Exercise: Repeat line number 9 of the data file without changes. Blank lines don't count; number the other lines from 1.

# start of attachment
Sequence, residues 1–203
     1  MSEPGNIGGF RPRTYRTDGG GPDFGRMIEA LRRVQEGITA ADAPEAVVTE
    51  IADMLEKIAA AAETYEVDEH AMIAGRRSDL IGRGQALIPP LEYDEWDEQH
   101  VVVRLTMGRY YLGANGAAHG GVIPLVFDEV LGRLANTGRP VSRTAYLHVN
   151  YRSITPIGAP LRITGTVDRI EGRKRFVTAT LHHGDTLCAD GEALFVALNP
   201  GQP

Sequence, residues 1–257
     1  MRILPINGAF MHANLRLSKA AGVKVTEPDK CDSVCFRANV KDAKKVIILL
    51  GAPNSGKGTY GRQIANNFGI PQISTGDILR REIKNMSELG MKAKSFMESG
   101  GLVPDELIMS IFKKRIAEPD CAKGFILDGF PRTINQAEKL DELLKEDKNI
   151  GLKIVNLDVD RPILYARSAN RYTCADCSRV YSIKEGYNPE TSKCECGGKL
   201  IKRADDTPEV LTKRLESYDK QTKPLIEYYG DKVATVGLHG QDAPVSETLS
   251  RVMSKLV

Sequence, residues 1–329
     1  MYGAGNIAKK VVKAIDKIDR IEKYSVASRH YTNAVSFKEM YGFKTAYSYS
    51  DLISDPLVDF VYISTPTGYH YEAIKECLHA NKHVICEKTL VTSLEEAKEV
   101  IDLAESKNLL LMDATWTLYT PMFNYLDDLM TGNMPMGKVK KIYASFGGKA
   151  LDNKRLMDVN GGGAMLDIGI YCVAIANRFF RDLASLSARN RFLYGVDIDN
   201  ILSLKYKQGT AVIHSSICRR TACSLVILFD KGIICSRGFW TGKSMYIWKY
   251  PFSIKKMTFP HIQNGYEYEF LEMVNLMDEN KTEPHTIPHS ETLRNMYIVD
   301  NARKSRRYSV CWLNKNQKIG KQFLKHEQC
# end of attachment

    51  GAPNSGKGTY GRQIANNFGI PQISTGDILR REIKNMSELG MKAKSFMESG